Step 5: Delete the PVC and verify the result

sunny@dev-lab:~$  kubectl delete pvc pvc-for-rabbitmq
persistentvolumeclaim "pvc-for-rabbitmq" deleted

sunny@dev-lab:~$  kubectl get pv

No resources found.

sunny@dev-lab:~$  kubectl get pvc

No resources found.

sunny@dev-lab:~$  kubectl describe pvc-for-rabbitmq

the server doesn't have a resource type "pvc-for-rabbitmq"

As per your question

A side question, just improve my understanding: why PV is still there, even though it has a reclaim policy set to Delete? Isn't this what the docs say for the Delete reclaim policy?

You are absolutely correct, as per documentation when a user is done with their volume, they can delete the PVC objects from the API which allows reclamation of the resource. The reclaim policy for a PersistentVolume tells the cluster what to do with the volume after it has been released of its claim. In your YAML it was set to:

Reclaim Policy:  Delete

which means that it should have been deleted immediately. Currently, volumes can either be Retained, Recycled or Deleted.

Why wasn't it deleted? The only thing I could think of, would be maybe the PV was somehow still claimed, which is likely as a result of the PVC not successfully deleted as its capacity is showing "0" and to fix this you will need to delete the POD. Alternatively, you may use the $ kubectl describe pvc command to see why the PVC is still in a pending state.

And for the question, How do I make a PVC to regain access to data in the existing PV?

This is not possible because of the status of reclaim policy i.e. Reclaim Policy: Delete to make this possible you would need to use the Retain option instead as per documentation

To validate the theory that you can delete PVC and keep the disk, do the following:

  • Change the reclaim policy to Retain
  • Delete the PVC
  • Delete the PV

And then verify if the disk was retained.

5

official documentation has answer, hopefully it helps other looking for same (https://kubernetes.io/docs/concepts/storage/persistent-volumes/#persistent-volumes)

Retain The Retain reclaim policy allows for manual reclamation of the resource. When the PersistentVolumeClaim is deleted, the PersistentVolume still exists and the volume is considered “released”. But it is not yet available for another claim because the previous claimant’s data remains on the volume. An administrator can manually reclaim the volume with the following steps.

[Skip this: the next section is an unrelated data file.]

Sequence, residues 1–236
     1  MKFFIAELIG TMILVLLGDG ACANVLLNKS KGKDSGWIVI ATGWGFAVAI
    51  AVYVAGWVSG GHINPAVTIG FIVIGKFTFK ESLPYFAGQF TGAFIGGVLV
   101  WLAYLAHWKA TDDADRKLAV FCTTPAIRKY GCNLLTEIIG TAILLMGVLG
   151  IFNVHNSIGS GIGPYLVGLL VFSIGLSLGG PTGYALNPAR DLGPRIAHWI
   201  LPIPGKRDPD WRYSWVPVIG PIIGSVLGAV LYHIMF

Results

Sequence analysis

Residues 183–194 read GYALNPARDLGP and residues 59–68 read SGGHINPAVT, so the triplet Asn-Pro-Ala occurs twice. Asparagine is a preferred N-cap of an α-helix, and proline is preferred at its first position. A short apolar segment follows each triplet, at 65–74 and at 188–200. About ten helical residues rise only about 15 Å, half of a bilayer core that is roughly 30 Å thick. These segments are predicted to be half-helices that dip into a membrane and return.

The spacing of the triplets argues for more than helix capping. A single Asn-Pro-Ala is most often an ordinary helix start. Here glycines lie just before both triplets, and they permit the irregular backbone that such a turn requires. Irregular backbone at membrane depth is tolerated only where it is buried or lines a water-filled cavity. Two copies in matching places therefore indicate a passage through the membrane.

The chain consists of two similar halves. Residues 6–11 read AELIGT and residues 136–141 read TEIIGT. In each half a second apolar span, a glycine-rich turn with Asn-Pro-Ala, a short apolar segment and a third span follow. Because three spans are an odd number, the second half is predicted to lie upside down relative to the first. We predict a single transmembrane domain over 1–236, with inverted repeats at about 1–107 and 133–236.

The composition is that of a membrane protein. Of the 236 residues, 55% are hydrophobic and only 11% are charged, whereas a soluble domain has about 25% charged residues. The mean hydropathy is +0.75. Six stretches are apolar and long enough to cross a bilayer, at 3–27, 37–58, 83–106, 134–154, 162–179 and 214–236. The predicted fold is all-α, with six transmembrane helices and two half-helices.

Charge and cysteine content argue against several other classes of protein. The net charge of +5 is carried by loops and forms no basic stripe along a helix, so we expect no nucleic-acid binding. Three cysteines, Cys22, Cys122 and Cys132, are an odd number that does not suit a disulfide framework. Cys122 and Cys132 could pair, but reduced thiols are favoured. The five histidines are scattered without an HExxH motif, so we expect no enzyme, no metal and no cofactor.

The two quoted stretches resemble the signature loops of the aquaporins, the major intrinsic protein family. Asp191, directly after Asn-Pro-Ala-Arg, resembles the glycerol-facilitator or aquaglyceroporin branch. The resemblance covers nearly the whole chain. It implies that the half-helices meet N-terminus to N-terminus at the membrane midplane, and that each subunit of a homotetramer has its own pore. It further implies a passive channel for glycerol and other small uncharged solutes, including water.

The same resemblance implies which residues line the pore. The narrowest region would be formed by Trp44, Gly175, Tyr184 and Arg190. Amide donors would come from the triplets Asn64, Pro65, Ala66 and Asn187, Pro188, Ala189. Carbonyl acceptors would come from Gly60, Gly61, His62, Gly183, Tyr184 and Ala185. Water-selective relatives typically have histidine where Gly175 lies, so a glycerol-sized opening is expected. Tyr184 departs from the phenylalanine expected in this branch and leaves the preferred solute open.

1. Delete the PersistentVolume. The associated storage asset in external infrastructure (such as an AWS EBS, GCE PD, Azure Disk, or Cinder volume) still exists after the PV is deleted.
  2. Manually clean up the data on the associated storage asset accordingly.
  3. Manually delete the associated storage asset, or if you want to reuse the same storage asset, create a new PersistentVolume with the storage asset definition.
5

Like @Bharat Chhabra's answer but it will modify the status of all Released PersistentVolumes to Available:

kubectl get pv | tail -n+2 | awk '$5 == "Released" {print $1}' | xargs -I{} kubectl patch pv {} --type='merge' -p '{"spec":{"claimRef": null}}
1
  • 1
    Another version: for resource in $(kubectl get pv | grep Released | cut -d' ' -f1); do kubectl patch pv "${resource}" -p '{"spec":{"claimRef": null}}'; done
    – GuyPaddock
    Mar 26, 2022 at 23:13
2

I wrote a simple automatic PV releaser controller that would find and make Released PVs Available again for new PVCs, check it out here https://github.com/plumber-cd/kubernetes-dynamic-reclaimable-pvc-controllers.

But please make sure you read disclaimers and make sure that this is exactly what you want. Kubernetes doesn't do it automatically for a reason - workloads aren't supposed to have access to data from other workloads. For when they do - the idiomatic Kubernetes way to do it is StatefulSets, so Kubernetes guarantees that only the replicas of the same workload may claim the old data. My releaser certainly might be useful in some cases like CI/CD build cache (which it was created for) - but normally a PVC means "give me a clean ready to use storage I can save some data on", so at the very least - make it a separate StorageClass.

1

The patches from the other answers worked for me only after deleting the Deployment.
After that, the Terminating resources got Released.


Delete all the resources listed by:

kubectl -n YOURNAMESPACE get all

Use kubectl -n YOURNAMESPACE <resource> <id> or (if you copy paste from the above output) kubectl -n YOURNAMESPACE <resource>/<id>, for each resource that you see listed there.

You can also do it at once kubectl -n YOURNAMESPACE <resource>/<id1> <resource>/<id2> <resource2>/<id3> <resource2>/<id4> <resource3>/<id5> etc..

Probably you tried to remove resources but they are getting recreated because of the deployment or replicaset resource, preventing the namespace from freeing up depending resources and from being cleaned up.

0

The answer from Bharat worked for me as well.

If your PV shows up as "Released" and you have already deleted the PVC via helm uninstall or another method, then you cannot re-use this PV again unless you remove the claim ref:

kubectl patch pv PV_NAME -p '{"spec":{"claimRef": null}}'

Keep in mind, you cannot do this unless while the PV is bound, you must first delete the PVC so the PV says "Released" and then you may run this command. The PV's status should then appear as "Available" and can be reused.